After the Brooklyn Nets defeated the New York Knicks 110-107 behind Kevin Durant’s 53-point explosion on Sunday, KD had some pointed words for NYC Mayor Eric Adams. They were motivated by the bizarre scene of Kyrie Irving in the stands at Barclays Center as a spectator, yet not able to suit up and play for the Nets.
The frustration is understandable. Durant and co. have 14 games left and Irving is only eligible to play in four of those. The Nets are also two and a half games behind the seventh-seeded Toronto Raptors. As of Monday, they’d visit Toronto for the Play-In tournament, which is a critical game Irving will not be eligible to appear in. Canada still has rules in place similar to NYC’s. If they lose that, then they’d host a game Irving wouldn’t be eligible to appear in either back in Brooklyn. Dare we say, Scary Hours?
However, Durant’s message might be a little too harsh, especially one pointed at a top leader.
Kevin Durant calls out Mayor 'Eric' Adams by first name. Has bold message on the Kyrie Irving situation he finds 'ridiculous.' Thinks the Mayor is just looking for 'attention' and 'flexing a point.' pic.twitter.com/5xDXbECwQF
— DaveEarly (@DavidEarly) March 13, 2022
“It just feels like at this point now, somebody’s trying to make a statement on point to flex their authority. But you know, everybody out here is looking for attention and that’s what I feel like the Mayor wants right now, some attention. But he’ll figure it out soon, he better…. people didn’t understand what was going on, but now it just looks stupid. So hopefully Eric, you guys can figure this out,” Durant said.
Initially, it seemed as if KD’s words were calculated. Surely, he anticipated that there could be consequences for directly calling out the city’s top politician, right? By labeling the spectacle of Irving in the stands but not in the game as “ridiculous” and “stupid,” a Mayor he calls “Eric” (not exactly a sign of respect) angling for “attention,” it seemed as though the message was premeditated a bit–even if it came across as a direct challenge.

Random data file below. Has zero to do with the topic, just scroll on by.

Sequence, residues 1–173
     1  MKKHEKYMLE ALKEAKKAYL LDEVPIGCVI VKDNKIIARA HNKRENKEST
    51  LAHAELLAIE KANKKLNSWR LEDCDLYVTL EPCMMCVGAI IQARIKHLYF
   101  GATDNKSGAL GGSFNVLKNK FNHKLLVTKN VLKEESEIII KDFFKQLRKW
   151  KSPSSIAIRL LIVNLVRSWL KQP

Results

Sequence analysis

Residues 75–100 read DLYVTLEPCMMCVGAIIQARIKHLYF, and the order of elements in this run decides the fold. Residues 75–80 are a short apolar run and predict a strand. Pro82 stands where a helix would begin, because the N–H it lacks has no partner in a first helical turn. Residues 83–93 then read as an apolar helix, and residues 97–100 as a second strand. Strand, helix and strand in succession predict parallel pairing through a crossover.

But perhaps KD was made aware that it was too harsh, a little too comfortable. Because he’s now walking back his take a bit. Maybe someone in Nets PR told Durant he came off a bit harsh and showing up the Mayor publicly like this isn’t the best way to achieve getting his friend back out on the floor at Barclays Center.
With that said, Durant released a statement to take the sting out of his recent remarks, even for a little bit (per Nick Friedell of ESPN):
“The last two years have been a difficult and painful time for New Yorkers, as well as a very confusing time with the changing landscape of the rules and mandates. I do appreciate the task the Mayor has in front of him with all the city has been through. My frustration with the situation doesn’t change the fact that I will always be committed to helping the communities and cities I live in, and play in.”
Interesting. He doesn’t come out and apologize. But he does share that he’s frustrated and confused. More explanation than anything else. The cynic in me is wondering if he was asked by someone to apologize and didn’t want to so instead shared some of the why behind his pointed words.
The last thing the Nets want to happen here is the Mayor to think “well I can’t give them what they want now that KD called me out, it’ll appear weak to my voting base.” Not to suggest a city Mayor would think along those lines himself. He’s probably thinking more about COVID-19 numbers, and whether or not vaccine mandates help there, and the people who have recently lost their jobs because they didn’t want to take the jab either.
All the while, Nets fans will continue to whine about Kyrie being persecuted for being unvaccinated https://t.co/RGh8tq7PCS
— Bryan Toporek (@btoporek) March 14, 2022
But what if someone on the Mayor’s staff did think about those types of optics? Whatever the case may be, it sounds as if Kevin Durant is content to soften some of the sting of his initial message.
He was feeling frustrated and probably still is. Irving can show up and sit with fans where he is presumably not a threat, but he cannot come and play. Durant isn’t the only one who doesn’t understand that, but we need to remind ourselves of one important thing.
We talked about the latest on this theme during the “Nothing But Nets” podcast, and how it might shake up the East.
The COVID-19 numbers should be what the Mayor thinks about, not one player. If Adams determines it truly is preposterous for Irving to be allowed in the stands but not on the floor then maybe a change will come in time for these Nets to have a full-time Irving for the playoffs. They’re still among finals favorites (per FanDuel) to win the whole thing. So maybe someone in Vegas is optimistic for change in Brooklyn? We’ll see if Durant’s follow up message helps him patch things up with a Mayor he still very much needs in his corner.